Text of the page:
Yet the debate over Klann’s vs. Kerrey’s version of events is of secondary relevance. For one thing, the one central and uncontested fact remains, regardless of whether Kerry or Klann is more credible: those 13 dead women and children in the center of a Vietnamese village. Kerrey himself understands this, and does not give himself a moral pass: “Basically you’re talking about a man who killed innocent civilians,” he told the Times magazine. But most Americans, obsessed with Vietnam as our own “national tragedy,” have always had a hard time acknowledging the depth of Vietnamese suffering during the war.
Commentary on the Thanh Phong story has already sidelined those dead Vietnamese. The collective statement by Kerrey’s squad barely even acknowledges Thanh Phong’s civilian dead: “We regret the results of this night,” is as close as it gets, a kind of chilly bureaucratese suggesting that some members of the team are still working hard to keep those events in the back drawer of memory.
At the same time, the story of Thanh Phong raises another question: How many more Kerrey’s Raiders are out there, Vietnam veterans bearing the particular burden of a terrible secret? This is an uncomfortable question for a country obsessed with “closure.” The war forced combatants into awful choices that are now practically the stuff of clichi: The inability, sometimes, to distinguish between civilians and Viet Cong; the frequent knowledge that the orders of superiors would lead to disaster; the decision about whether to intervene to prevent or halt singular acts of brutality (as one helicopter pilot finally did at My Lai). With combatants of the Vietnam era approaching late middle age, the fallout from those choices is sure to resurface as men and women who have numbed themselves with work suddenly find time to reflect.
One of the most powerful and original books on the war, “Achilles in Vietnam: Combat and the Unmaking of Character” by psychotherapist Jonathan Shay, relates the story of one sergeant haunted by atrocities in which he participated in the war. He is sickened by his medals, and dreams — though emotionally shattered — of someday returning to Vietnam to make restitution in some fashion with his labor. That sergeant’s voice echoed last week in Kerrey’s comments when he was asked about the Bronze Star awarded for Thanh Phong. “I’ve never worn that damn medal,” Kerrey said in an interview. “I never campaigned and said, ‘Vote for me; I’m a hero.’ If they want to take it away, I don’t care.”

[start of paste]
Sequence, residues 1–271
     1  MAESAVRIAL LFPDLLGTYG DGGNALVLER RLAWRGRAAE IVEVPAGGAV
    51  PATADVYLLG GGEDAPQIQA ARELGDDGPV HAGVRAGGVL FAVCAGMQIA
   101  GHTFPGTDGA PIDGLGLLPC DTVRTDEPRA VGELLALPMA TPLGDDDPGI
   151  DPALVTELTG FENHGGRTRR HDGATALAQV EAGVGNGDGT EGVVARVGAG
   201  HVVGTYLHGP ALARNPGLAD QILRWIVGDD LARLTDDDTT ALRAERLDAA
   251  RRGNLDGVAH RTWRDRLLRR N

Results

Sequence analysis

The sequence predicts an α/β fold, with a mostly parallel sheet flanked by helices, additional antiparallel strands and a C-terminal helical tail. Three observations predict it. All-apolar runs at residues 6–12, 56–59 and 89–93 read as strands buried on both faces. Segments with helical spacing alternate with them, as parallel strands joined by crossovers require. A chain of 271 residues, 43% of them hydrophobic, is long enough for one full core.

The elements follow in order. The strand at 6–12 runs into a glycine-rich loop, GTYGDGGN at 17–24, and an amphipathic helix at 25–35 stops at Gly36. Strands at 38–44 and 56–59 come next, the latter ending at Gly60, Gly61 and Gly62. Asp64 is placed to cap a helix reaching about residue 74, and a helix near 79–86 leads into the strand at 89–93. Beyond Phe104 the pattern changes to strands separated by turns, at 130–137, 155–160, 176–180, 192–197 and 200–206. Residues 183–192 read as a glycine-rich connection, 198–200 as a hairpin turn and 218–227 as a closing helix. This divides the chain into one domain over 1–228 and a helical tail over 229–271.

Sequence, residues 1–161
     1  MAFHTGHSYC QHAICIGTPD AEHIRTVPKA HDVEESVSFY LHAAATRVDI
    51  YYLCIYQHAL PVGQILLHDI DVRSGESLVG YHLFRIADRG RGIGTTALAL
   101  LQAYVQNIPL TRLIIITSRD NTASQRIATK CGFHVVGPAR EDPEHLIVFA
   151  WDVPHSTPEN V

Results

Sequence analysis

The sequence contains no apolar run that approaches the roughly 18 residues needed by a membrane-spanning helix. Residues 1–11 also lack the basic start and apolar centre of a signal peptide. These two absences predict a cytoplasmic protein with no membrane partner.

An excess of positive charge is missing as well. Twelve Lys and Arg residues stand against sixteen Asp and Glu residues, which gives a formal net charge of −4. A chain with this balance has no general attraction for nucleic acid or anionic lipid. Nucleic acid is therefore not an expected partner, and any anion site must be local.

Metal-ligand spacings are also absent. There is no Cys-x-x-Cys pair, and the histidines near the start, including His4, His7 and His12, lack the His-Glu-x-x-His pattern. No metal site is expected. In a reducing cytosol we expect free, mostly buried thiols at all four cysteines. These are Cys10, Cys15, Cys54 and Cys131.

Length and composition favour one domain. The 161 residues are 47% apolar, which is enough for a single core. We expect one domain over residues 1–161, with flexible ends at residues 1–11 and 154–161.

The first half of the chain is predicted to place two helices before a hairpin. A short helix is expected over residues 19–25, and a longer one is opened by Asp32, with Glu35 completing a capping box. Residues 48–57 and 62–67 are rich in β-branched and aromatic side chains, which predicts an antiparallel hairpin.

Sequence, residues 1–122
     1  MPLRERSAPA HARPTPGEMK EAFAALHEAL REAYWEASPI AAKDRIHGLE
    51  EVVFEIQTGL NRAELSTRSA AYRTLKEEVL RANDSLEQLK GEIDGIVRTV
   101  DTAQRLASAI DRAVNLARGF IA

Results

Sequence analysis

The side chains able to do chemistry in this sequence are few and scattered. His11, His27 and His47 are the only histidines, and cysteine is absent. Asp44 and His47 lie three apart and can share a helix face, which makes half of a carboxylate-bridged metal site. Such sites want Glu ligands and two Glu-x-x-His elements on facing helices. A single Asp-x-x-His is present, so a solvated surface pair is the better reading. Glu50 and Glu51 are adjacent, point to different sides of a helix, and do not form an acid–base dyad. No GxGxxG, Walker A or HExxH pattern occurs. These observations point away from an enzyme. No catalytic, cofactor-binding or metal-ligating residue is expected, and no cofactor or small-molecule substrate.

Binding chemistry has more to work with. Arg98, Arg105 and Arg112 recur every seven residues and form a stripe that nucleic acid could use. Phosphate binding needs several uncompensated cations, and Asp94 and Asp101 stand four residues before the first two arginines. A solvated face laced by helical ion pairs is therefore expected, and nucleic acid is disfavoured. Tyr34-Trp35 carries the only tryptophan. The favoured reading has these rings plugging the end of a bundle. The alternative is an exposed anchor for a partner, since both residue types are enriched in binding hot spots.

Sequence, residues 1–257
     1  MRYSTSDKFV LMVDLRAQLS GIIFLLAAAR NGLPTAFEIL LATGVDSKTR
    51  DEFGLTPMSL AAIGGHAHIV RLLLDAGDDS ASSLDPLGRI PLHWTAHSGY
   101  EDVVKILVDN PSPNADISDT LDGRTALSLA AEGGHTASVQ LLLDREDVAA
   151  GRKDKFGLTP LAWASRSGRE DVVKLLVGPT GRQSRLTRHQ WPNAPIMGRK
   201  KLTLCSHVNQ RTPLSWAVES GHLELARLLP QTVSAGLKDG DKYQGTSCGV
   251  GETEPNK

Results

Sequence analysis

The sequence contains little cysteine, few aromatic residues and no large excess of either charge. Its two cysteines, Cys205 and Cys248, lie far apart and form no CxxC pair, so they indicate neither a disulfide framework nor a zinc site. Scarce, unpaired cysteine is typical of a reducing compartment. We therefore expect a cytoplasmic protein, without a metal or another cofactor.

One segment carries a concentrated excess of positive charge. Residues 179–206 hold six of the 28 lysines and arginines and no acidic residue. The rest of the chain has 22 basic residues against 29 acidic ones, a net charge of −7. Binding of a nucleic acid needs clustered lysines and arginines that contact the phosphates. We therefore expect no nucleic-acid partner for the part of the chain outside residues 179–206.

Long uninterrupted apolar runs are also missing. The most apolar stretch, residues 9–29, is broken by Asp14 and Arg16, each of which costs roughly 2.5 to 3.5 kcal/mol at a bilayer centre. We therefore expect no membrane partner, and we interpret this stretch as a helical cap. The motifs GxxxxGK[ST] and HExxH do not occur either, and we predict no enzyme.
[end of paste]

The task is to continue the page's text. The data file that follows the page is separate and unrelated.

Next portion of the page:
The story of Thanh Phong haunts because this small, nearly forgotten incident so neatly captures not the aberrations of Vietnam but the war’s central logic. If Kerrey’s Raiders targeted civilians that night, they did so in the shadow of carpet bombing and the strategic hamlet program that routinely devastated Vietnam’s civilian population. If Bob Kerrey has lived for 32 years with what he decribes as “shame” at his actions and at his unearned Bronze Star, it is because of the daily corruption of the body count, the routine papering over of civilian dead, endorsed from the White House on down.
Whatever happened at Thanh Phong, there is plenty of blame to go around. And while the Pentagon’s own post-Vietnam syndrome involves blaming the press for losing the war, the fact is that until very late — indeed, through the very period in which Kerrey’s Raiders landed in that village — the press was fully complicit in covering up American attacks on Vietnamese civilians.
Indeed, it took Seymour Hersh’s My Lai exposi, months after Thanh Phong, before correspondents began to admit that the systematic and indiscriminate killing of large numbers of civilians by American troops was old news.
Until My Lai, most American reporters in Vietnam simply had not deemed human-rights atrocities newsworthy. Frank McCullough of Time magazine, for instance, covered the war for four years without ever reporting on atrocities. But after My Lai broke, he recalled seeing Viet Cong prisoners pushed from airplanes by American troops, shot with their hands tied behind their backs and devoured by Dobermans unleashed by interrogators. Many other reporters told similar stories: It was as if the floodgates had opened, as if the press suddenly had official sanction to report a previously suppressed government secret.
The Vietnam correspondent Neil Sheehan — to whom Daniel Ellsberg entrusted the Pentagon Papers — eventually described the thinking of American reporters in those years. It bears listening to now, because Kerrey’s high-profile confession may have an impact similar to My Lai in released bottled-up atrocity stories.